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2010 Deep Sea Coral Cruise - west coast
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Blog June 23, 2010:
A New Game Plan

Kaitlin Graiff, Cordell Bank National Marine Sanctuary
Peter Etnoyer, NOAA NCCOS
Guy Cochrane, USGS Pacific Science Center

team reviews maps
The team reviews substrate maps to target new sampling areas. (Photo: OCNMS)

During the down time, waiting for the winds to relax, the science team has been following up with e-mails, other work and also sneaking in some time to browse the boat's expansive movie collection. Who knew there were so many zombie movies? The World Cup on satellite television has also been a source of inspiration.

The exciting win from the USA soccer team during the last minutes of the game against Algeria has become the new analogy for the science mission of leg 2. The clock for completing our original sampling design of diving at randomly selected stations, stratified within habitat types at five locations is ticking away. The "upwelling winds" cost us four dive days.

target dive area
Circle indicates target dive area on Cordell Bank slope; arrows in canyons point in the direction of sediment flow. (Click image for larger view.)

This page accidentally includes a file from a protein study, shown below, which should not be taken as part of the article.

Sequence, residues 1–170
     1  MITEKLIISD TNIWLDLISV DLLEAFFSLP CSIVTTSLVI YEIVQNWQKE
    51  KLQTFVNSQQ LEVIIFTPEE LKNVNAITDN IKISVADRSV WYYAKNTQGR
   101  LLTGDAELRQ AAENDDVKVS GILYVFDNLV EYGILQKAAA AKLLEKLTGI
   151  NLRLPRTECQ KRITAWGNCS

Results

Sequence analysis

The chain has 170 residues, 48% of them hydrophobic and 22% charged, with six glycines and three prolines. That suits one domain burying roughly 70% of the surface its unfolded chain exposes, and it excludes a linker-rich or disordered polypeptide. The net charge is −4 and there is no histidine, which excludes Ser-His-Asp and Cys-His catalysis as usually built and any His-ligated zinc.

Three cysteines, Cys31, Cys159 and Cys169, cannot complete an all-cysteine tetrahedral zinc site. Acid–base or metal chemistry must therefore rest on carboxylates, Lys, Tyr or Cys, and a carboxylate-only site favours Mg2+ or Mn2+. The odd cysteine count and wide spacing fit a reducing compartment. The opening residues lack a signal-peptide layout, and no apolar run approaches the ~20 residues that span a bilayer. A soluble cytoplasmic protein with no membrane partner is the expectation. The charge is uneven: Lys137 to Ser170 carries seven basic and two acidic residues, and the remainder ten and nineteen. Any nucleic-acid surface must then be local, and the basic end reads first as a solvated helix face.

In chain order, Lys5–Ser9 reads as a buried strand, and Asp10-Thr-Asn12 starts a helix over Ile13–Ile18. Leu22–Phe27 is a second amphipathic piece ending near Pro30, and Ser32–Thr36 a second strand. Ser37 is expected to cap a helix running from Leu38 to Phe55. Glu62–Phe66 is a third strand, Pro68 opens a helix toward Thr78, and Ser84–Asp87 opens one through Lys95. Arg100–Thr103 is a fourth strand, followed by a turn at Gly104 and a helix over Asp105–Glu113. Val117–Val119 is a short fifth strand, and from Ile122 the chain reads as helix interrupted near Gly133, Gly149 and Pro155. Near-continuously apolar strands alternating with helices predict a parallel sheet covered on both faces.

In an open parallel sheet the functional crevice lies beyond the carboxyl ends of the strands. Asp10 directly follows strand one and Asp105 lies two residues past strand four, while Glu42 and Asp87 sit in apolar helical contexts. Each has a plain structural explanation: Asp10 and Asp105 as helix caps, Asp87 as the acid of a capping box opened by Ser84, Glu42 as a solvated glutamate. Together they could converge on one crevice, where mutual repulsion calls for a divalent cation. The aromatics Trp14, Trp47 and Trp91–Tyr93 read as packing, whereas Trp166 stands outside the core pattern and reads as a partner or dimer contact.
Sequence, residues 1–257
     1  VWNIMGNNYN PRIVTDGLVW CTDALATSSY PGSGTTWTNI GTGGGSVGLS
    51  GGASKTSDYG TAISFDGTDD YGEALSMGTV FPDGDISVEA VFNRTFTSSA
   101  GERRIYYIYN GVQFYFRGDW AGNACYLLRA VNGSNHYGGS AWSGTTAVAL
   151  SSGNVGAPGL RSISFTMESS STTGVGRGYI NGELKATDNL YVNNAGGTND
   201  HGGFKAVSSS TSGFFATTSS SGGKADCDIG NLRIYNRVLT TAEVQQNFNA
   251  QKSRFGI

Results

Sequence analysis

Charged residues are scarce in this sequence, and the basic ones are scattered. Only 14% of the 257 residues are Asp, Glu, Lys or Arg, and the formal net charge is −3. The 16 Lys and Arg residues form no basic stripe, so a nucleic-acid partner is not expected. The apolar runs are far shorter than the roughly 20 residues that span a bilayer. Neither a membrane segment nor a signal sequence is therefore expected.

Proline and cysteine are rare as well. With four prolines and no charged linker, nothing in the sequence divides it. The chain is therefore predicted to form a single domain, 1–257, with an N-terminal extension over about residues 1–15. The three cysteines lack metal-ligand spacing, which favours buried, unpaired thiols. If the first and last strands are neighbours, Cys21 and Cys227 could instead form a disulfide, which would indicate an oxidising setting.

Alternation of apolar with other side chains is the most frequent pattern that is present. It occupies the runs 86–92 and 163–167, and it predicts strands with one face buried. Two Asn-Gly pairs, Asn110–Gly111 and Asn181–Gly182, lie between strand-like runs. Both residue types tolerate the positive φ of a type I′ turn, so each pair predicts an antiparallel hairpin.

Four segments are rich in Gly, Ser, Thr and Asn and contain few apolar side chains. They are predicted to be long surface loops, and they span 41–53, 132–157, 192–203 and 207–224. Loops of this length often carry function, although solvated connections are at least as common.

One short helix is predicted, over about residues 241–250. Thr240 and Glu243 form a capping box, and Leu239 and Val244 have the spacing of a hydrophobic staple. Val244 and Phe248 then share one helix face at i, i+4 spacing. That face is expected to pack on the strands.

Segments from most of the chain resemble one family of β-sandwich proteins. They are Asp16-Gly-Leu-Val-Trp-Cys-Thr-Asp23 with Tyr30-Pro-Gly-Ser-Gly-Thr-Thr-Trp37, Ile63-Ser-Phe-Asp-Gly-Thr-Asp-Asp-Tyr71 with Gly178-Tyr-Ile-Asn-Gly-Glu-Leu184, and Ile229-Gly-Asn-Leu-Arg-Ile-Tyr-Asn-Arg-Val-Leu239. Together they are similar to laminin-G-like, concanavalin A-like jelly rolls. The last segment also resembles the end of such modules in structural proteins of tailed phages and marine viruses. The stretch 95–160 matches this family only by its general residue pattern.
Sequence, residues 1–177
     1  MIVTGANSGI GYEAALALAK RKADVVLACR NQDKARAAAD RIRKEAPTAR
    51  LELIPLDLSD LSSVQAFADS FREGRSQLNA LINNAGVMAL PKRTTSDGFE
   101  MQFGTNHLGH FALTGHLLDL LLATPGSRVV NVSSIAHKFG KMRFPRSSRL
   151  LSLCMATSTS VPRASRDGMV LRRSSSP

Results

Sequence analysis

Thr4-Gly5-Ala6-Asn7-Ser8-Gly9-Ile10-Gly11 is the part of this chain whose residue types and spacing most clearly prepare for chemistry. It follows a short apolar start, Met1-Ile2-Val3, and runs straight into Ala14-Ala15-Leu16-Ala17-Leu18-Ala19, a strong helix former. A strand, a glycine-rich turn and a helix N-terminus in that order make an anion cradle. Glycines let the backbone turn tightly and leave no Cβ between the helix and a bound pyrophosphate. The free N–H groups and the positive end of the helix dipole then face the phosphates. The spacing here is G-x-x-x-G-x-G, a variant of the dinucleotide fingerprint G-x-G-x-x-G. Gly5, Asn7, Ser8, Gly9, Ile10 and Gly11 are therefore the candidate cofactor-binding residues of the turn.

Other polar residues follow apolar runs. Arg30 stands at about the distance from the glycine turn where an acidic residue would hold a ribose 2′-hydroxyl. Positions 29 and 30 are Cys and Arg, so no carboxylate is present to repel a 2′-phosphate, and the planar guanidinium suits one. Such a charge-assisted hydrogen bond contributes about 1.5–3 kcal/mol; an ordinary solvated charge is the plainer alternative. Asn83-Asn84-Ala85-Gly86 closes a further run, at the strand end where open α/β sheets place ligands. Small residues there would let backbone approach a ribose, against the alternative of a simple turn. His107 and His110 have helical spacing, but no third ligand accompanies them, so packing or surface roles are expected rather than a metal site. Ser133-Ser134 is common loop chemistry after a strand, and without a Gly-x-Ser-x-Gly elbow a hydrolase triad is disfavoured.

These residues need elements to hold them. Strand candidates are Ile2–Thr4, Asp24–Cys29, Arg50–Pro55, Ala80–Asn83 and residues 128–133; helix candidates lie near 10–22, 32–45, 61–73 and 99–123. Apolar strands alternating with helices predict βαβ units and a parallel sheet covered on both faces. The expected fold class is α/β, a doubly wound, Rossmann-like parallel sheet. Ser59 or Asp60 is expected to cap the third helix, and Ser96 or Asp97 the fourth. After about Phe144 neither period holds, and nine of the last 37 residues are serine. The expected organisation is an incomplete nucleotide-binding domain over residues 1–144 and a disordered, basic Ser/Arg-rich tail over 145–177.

So to go for the goal of finding deep sea corals we are adapting our strategy to target the habitat most likely to contain deep-corals. Our sampling effort is now directed, rather than random. If winds subside, we'll focus on the deep (656-1,640 ft) rocky portion of the Cordell Bank continental slope. This is the region on the seafloor where the continental shelf (the gradually sloping submerged part of the continent that extends from the shore) breaks to the continental slope. The continental slope makes up 190 square miles of the Cordell Bank sanctuary (35% of the sanctuary seafloor) and extents from 656 feet down to 6,955 feet at the western boundary of the sanctuary. Very little is known about the slope region within the sanctuary.


Paragorgia arborea pacifica is a species of deep sea coral the team hopes to find. (Photo: NOAA/OCNMS)

Using bathymetry maps derived from multi-beam sonar data, Guy Cochrane, Geophysicist for the US Geological Survey, identified areas of the slope west of Cordell Bank where rocks are less likely to be covered with sediment. These areas are isolated from sediment transport on the shelf by canyons north and south of Cordell Bank that intercept shelf sediment and channel it into deeper basin water. Therefore, there is good potential that the slope region west of Cordell Bank, between the canyons, is steeply sloping bare rock, exposed to ocean currents - making a habitat suitable for deep sea corals.

So as in any good game, with little time left on the clock we anxiously wait for a shot for the winning goal. In this case, once the weather breaks and we have the opportunity to dive the ROV on the Cordell Bank continental slope we hope to be jumping out of our seats yelling "Coooooooorals!!!"

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